I remember my first Passover. I was 18 and pretending that I’d been raised Jewish. It was my freshman year in college when I was invited to my classmate's home for dinner with her family. My friend and I got drunk on Manischewitz wine and I acted like I knew what was going on, even though I was totally confused.

“I thought we were having dinner, but now we’re reading this book? Ok, I’ll pretend I knew that was the plan all along.”

For the last few years, I’ve been lucky enough to join my friend Lisa and her family for Passover in West Bloomfield. When I met Lisa and explained that, while I hadn’t been raised Jewish, I loved celebrating all the holidays, she insisted I join her family celebration for the first night — and make it an annual tradition.

In 2019, I remember sitting at the table after dinner talking with Lisa’s mom Sandy about how my work as a yoga teacher might be able to help her battle the side effects she was dealing with as a result of her cancer treatment. Within a month of that meal, Sandy and I were doing weekly yoga sessions. It was a highlight in my teaching schedule — to show up and do some basic body movement with her.

Beyond the yoga basics, I just loved being around Sandy. She was warm and kind, but also had no problem questioning something that didn’t make sense or calling out behavior she saw as wrong. She talked to me about my Jewish journey and answered my questions about what it meant to be a Jewish mother — a dream that I’ve long held in my heart. Her kids were grown, but that didn’t stop her from doting on them, on her grandchildren or on Brooklyn, her darling dog. I especially loved the mornings when I’d arrive in time to see her and her husband Jeff before he left for work. After 40+ years together, they were clearly the love of each other’s life.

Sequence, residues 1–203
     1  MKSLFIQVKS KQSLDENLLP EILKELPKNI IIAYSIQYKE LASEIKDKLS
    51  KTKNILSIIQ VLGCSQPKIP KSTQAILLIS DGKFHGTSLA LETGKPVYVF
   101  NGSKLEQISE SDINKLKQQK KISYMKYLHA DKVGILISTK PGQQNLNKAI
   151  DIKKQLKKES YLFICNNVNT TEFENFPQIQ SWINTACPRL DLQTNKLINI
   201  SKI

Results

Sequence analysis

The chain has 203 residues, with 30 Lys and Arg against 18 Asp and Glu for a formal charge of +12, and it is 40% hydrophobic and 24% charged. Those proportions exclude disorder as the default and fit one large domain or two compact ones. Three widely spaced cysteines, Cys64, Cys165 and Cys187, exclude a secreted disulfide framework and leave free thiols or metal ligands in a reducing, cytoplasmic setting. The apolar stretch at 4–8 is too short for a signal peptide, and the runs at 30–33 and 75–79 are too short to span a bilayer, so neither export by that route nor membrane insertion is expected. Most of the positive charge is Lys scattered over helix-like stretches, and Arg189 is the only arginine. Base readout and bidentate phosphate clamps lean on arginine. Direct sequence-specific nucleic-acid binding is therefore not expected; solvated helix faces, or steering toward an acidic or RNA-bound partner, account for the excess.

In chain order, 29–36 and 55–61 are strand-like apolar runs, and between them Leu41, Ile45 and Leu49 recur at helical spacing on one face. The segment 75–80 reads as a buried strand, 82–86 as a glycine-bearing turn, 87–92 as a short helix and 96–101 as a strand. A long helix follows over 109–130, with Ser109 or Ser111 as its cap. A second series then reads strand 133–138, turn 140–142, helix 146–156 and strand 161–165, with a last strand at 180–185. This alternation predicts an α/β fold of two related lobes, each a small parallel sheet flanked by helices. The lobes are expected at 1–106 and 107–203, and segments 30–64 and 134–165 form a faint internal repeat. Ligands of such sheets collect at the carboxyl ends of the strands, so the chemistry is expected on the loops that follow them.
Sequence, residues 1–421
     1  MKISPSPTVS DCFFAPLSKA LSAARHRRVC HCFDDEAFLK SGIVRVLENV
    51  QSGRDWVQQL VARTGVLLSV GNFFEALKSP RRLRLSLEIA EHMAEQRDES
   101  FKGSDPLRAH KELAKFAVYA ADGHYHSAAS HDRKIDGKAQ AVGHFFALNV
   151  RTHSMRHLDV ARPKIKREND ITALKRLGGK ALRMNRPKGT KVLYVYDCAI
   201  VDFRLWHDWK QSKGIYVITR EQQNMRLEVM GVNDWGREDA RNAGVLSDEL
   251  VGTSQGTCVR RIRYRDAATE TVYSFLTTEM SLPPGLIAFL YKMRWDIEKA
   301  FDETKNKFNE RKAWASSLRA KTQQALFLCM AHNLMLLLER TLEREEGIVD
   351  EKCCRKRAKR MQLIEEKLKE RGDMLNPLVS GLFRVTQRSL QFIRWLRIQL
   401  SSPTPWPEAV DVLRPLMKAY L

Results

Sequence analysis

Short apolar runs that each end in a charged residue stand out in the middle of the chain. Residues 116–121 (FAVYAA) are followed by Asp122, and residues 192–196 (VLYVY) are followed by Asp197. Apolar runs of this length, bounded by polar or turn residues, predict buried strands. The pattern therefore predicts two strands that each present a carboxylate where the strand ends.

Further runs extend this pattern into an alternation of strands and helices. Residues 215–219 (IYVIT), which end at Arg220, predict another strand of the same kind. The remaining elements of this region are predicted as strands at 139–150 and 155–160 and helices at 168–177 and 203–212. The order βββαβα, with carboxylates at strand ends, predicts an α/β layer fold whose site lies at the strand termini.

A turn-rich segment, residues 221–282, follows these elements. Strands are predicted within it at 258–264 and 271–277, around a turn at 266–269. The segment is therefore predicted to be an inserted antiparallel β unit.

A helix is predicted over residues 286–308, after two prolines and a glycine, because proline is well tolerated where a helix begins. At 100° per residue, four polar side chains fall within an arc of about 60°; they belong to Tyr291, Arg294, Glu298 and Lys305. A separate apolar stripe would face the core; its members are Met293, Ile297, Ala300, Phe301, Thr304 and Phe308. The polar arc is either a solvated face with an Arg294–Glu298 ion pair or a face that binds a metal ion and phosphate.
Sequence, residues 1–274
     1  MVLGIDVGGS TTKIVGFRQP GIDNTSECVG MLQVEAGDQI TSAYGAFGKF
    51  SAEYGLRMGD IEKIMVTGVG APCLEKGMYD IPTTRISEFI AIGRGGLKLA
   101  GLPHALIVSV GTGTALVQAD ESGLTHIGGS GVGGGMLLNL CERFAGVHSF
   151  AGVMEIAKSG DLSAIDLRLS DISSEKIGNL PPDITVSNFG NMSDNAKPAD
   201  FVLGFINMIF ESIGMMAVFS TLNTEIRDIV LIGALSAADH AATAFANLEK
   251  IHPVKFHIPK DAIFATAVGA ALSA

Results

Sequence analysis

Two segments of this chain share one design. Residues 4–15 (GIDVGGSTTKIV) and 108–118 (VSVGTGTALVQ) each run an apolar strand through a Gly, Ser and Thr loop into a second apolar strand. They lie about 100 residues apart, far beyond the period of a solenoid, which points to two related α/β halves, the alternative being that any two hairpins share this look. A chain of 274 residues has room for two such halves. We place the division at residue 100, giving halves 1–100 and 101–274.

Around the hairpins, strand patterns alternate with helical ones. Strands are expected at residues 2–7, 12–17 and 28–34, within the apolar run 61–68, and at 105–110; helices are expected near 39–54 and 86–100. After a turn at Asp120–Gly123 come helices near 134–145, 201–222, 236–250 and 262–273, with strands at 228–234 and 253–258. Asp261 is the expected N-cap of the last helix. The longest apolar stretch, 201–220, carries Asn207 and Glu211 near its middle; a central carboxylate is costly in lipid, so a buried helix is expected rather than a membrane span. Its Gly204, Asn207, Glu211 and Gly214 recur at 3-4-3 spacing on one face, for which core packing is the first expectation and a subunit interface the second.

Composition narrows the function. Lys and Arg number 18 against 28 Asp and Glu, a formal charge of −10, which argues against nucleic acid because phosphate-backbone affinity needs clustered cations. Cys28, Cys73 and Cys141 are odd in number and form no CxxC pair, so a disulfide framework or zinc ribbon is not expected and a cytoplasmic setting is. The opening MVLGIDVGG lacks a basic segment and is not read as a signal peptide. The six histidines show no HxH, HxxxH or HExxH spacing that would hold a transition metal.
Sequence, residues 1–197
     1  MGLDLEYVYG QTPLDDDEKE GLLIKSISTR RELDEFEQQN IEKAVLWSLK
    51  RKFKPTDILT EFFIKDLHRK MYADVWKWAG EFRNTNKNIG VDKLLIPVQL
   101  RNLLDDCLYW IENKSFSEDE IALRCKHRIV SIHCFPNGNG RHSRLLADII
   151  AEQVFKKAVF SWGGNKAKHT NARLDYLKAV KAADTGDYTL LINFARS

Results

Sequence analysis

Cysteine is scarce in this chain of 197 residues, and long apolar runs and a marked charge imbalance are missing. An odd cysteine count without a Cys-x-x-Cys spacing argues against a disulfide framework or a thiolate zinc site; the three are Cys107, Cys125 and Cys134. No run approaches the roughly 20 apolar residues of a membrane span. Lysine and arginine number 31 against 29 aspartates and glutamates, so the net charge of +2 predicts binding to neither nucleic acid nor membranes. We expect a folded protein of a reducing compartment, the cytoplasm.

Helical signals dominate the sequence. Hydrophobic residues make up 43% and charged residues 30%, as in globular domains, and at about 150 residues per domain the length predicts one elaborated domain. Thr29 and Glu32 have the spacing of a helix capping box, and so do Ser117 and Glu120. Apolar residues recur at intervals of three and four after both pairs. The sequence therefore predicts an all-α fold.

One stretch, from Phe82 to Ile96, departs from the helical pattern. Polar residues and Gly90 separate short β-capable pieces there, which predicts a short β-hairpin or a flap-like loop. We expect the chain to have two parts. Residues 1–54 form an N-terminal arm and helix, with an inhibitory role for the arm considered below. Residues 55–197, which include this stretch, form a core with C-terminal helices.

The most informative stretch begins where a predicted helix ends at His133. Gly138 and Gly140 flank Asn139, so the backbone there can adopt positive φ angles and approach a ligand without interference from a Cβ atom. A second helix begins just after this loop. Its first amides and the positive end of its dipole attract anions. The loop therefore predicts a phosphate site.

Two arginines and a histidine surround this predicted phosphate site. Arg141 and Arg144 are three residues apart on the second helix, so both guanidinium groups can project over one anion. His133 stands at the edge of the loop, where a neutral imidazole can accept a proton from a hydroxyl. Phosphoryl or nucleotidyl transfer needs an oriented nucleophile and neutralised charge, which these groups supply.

When Covid came to Michigan, we tried to continue our weekly sessions via Zoom. But between technical difficulties and Sandy’s continued cancer fight, Sandy and I only managed a handful of virtual sessions before she passed in January 2021. I was able to sit shiva with her family (remotely) and Lisa was with me when I made my Beit Din last summer.

Last week was my first Passover with Sandy’s family since they — we — lost her.

I don’t know if it was planned this way, but I ended up sitting next to Jeff, who is doing an amazing job pressing on without his partner. When we got to the Dayenu portion of the reading, I felt like I was hearing it for the first time. I leaned over to Jeff and asked what that word meant. “Enough,” he explained.

As the call and response continued around me, I was overwhelmed with gratitude. I recognized in that moment, in spite of all the loss, the incredible abundance and good fortune God has blessed me, blessed all of us, with.

If He had rescued me from an abusive childhood, that would have been enough.


If He had supported me while I chased my dreams in Chicago, that would have been enough.


If He had brought me home to Michigan, surrounded by loving friends and chosen family, that would have been enough.


If He had shown me that I could connect to my spirituality through Judaism, that would have been enough.


If He had surrounded me with a wonderful Jewish community that supports and loves me, that would have been enough.